Corporate Social Responsibility Trends
Cause marketers can back their strategies with sound market research and a powerful return on investment. need research to support your daily work. Here are some statistics from 2008 to 2013 that shed new light on doing well by doing good.
Cause sponsorship is predicted to reach $1.78 billion in 2013, a projected increase of 4.8% over 2012.
Causes motivate 91% of global consumers to switch brands to one associated with a good cause, given comparable price and quality.
Half of global consumers said they would reward companies that give back to society by paying more for their goods and services (44% in the U.S. and 38% in Canada).
Consumers want more clarity because 70% of consumers are confused by the messages companies use to talk about their CSR initiatives.
Purpose caused 47% of consumers to buy a brand at least monthly that supports a cause, representing a 47% increase from 2010. Over the years, consumers have taken increased action on behalf of brands with Purpose:
- 39 percent increase in “would recommend” cause-related brands;
- 34 percent increase in “would promote” cause-related brands; and
- 9 percent increase in “would switch” brands if a similar brand supported a good cause.
While 87% of global consumers believe that business needs to place at least equal weight on society’s interests as on business’ interests, less than a third believe business is performing well in addressing societal issues.
Although it’s difficult to quantify cause marketing spending, IEG’s numbers put corporate cause sponsorship at $1.68 billion in 2011, predicted to grow to $1.73 billion in 2012.
Ninety-three percent of consumers want to know what companies are doing to make the world a better place and 91% also want to be heard by companies. Unfortunately, 71% report being confused by the message companies use to talk about their efforts and impacts.
Millennials, more than Non-Millennials, prefer active engagement in cause campaigns, such as volunteering their time (31% versus 26%), cause-support purchasing (37% versus 30%), encouraging others to support a cause (30% versus 22%), and participating in fundraising events (27% versus 16%). Thirty-seven percent of Millennials report being drawn to products co-branding with cause campaigns where their purchase is a form of support, such as Tom’s Shoes One for One Campaign.
Consumer Expect Marketing with Purpose. Eighty-six percent of consumers around the world believe that business needs to place at least equal weight on societal interests as on business interests.
Two-thirds of brands now engage in cause marketing (up from 58% in 2009) and 97% of marketing executives believe it is a valid business strategy.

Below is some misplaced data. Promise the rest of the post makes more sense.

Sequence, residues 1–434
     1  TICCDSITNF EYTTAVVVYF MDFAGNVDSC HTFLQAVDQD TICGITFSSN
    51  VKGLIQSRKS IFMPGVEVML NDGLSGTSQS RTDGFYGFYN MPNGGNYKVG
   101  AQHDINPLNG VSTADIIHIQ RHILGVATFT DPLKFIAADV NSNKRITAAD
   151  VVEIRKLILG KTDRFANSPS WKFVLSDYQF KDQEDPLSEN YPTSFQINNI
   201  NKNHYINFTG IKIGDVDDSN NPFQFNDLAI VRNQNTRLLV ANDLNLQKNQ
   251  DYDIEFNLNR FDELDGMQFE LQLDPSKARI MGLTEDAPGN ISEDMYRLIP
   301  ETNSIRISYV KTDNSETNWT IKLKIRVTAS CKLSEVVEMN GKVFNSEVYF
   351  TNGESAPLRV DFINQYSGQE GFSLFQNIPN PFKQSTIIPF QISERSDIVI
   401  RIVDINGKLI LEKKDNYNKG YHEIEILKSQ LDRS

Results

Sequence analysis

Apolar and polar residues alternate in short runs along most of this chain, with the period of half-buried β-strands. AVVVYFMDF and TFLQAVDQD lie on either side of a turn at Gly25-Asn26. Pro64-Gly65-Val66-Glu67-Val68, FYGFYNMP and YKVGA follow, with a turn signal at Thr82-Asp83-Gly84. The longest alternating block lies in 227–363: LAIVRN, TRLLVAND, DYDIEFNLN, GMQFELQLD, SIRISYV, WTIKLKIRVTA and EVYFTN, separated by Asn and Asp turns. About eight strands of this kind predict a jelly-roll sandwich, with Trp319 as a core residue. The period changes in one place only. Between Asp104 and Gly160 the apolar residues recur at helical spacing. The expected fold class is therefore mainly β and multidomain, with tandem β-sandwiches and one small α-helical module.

About 90% of consumers want companies to tell them the ways they are supporting causes. Nearly two-thirds (61%) don’t think companies are giving them enough details about their efforts, including the amounts donated and the length of the promotions.
One-third of Hispanic and African American consumers report that they almost always choose brands that support causes they believe in, compared to just one in five Non-Hispanic Whites.
Consumers Punish Companies with Bad Reputations as 72% of US consumers say they have avoided purchasing products from companies whose practices they disagree with.
Globally 66% of people believe it’s no longer enough for corporations to merely give money away, but that they must integrate good causes into their day-to-day business.
Companies Can Make a Difference and 60% of US consumers say businesses are in the best position to impact social issues, as opposed to government (14%).
About two-thirds of Chief Marketing Officers say they plan to maintain their level of cause commitment in spite of the recession.
Cause Marketing Increases Sales. Behavioral research demonstrated a 28 to 78% increase in actual purchase within the toothpaste and shampoo categories.
Cause Increasingly Creates Differentiation. About 79% of Americans say they would be likely to switch from one brand to another, when price and quality are about equal, if the other brand is associated with a good cause (compared to 66% in 1993).
People Are Cause-Conscious in Many Aspects of Life since 89% of Americans state it is very/somewhat important to know about the values of companies they come in contact with – whether through buying products, working for them or living in a community in which they operate.